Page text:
Book Corner 2019.12


The Seven Types of Atheism by John Gray

I liked this book for its main idea, more than for its writing or details, which frankly were often over my head.


The main idea is one I’ve tried to fully form in my head many a time, about progress being a myth. Gray argues here that much of modern atheism, notably secular humanism, is wholly religious in nature, and owes its existence to monotheism and Christianity.


Prior to Christianity, so it goes, the ancients had no concept of a grand narrative of human progress. Things were seen as cyclical.  Humans progressed, and then fell back as often as not.  Knowledge was gained and lost.  There was nothing new under the sun.


Pow! Here comes Christianity.  Now history becomes a story of before and after, human striving serving an ultimate purpose.


Whereas Christianity is what lent humanity the idea of salvation and progression, what monotheism brought to the table was universalism. No longer would I worship my local gods and you yours; not even would it be the case that I would worship my “God” and you yours.  No, now there was ONLY ONE god – for EVERYONE.  From here arose the tendency of humans not just to conquer, not just to impose their physical will on others, but to insist on imposing their very morality and religion on others, which was something new.


There is a lot in this book about the religious nature of so-called atheistic movements – Bolshevism, Naziism, and lots of obscure movements and tyrants that I for one don’t think I had ever heard of – “Bockelson” or “John of Leiden,” for example, an Anabaptist from the 16th century, made for a particularly gruesome digression. Gray seems to almost delight in ticking off atrocities committed throughout the ages by the religious and allegedly areligious alike.  I could have done without it.


This world view of life as cyclical and non-improving is one that resonates with me, and though I usually think of it on the micro rather than macro scale, it seems to fit the facts well enough on both levels. I feel exactly like the four-year-old child I once was.  True, I used to be two feet tall, and now I am five foot four.  Is that “progress”?  I am better now at follow spelling rules.  I’ve amassed some knowledge.  Progress can only be proven on trivial levels such as this.  In so many more senses, I am the same.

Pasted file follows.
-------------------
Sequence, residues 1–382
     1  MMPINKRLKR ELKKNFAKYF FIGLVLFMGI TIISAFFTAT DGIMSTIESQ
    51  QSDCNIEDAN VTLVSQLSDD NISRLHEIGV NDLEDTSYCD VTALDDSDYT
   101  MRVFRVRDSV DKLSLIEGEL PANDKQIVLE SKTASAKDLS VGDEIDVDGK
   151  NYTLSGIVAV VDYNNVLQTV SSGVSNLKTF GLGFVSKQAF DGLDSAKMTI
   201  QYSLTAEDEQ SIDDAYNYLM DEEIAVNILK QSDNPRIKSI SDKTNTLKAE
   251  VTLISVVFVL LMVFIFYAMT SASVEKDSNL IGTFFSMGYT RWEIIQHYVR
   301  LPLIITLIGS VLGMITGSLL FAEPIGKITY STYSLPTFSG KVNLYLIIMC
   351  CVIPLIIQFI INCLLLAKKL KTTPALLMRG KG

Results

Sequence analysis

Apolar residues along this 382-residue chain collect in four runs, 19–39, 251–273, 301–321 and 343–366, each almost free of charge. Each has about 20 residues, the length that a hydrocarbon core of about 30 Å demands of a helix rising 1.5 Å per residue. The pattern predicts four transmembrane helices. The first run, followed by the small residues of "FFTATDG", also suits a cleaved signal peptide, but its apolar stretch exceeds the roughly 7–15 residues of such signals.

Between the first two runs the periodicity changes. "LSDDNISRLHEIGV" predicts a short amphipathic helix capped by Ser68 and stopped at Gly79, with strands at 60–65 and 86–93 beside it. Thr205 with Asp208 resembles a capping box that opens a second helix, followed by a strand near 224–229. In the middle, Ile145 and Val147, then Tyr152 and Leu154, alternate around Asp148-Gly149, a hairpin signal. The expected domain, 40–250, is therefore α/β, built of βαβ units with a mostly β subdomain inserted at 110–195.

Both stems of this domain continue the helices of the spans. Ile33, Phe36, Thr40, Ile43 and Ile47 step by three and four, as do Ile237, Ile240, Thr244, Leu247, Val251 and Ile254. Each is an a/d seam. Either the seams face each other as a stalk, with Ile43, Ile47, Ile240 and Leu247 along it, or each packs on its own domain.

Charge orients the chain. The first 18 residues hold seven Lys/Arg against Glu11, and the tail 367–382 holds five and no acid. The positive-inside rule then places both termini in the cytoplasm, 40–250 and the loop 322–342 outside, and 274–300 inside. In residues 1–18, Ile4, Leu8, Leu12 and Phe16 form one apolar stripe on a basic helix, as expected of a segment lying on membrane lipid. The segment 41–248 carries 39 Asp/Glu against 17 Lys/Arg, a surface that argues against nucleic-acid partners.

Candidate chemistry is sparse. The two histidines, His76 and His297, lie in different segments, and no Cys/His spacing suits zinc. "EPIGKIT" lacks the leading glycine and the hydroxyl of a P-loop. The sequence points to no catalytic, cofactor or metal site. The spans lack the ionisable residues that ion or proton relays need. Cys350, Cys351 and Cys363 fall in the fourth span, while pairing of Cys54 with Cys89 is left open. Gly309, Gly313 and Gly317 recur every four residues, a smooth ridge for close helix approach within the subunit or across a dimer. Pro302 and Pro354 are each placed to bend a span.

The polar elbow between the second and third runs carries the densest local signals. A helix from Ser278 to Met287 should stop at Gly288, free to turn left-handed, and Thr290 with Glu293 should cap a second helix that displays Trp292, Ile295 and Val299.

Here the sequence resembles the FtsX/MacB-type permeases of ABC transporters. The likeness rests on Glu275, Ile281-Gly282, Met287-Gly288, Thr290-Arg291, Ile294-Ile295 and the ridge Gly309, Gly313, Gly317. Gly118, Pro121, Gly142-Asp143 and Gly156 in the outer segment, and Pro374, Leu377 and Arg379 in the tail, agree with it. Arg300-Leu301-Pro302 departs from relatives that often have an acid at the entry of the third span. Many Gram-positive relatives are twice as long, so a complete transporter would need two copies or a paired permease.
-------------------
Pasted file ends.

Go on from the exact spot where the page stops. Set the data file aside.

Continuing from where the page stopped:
Similarly, you cannot deny that humans own more cell phones now than ever before, certainly more than in the 15th century.  It’s a fact.  Is that progress?  We’ve managed to amass technical knowledge, and not yet lose it, though there is no guarantee we won’t lose it all somewhere down the line.  But despots and intolerance continue to rule as much of the globe as they ever did.  I won’t bog down in a scorecard of what ways we’ve progressed and what ways we haven’t – ultimately, I’m not here to convert you, and neither is Gray.  One of the types of atheism he semi-ridicules is that which does nothing but position itself in opposition to religion.  Religion is part of human nature; why single it out for opposition?  Science and religion are not opposites or opposed to each other any more than are science and art.  Do scientists seek to stamp out art?  Why not?  So, why try to stamp out religion?  Think about it.  And if you are a secular humanist, and your “religion” is that of human progress, then good for you.  Different people can have different religions and moralities.  We very likely need them, and have them for a purpose.



Book Corner 2019.11


Heartland by Sarah Smarsh

I can’t be objective about this book. It’s a memoir by someone born unwanted to an unwed teenage mother, who grew up in & around Wichita.  I was born to an unwed teenage mother, and I spent a year or so in my late teens with the weirdest determination to move with my boyfriend from Staten Island to Wichita.  Hence this book was like a weird mash-up of the kind of life I could have had, poor and disadvantaged, had I not been relinquished; and the life I briefly but badly wanted to have, canning vegetables in a farmhouse in Kansas.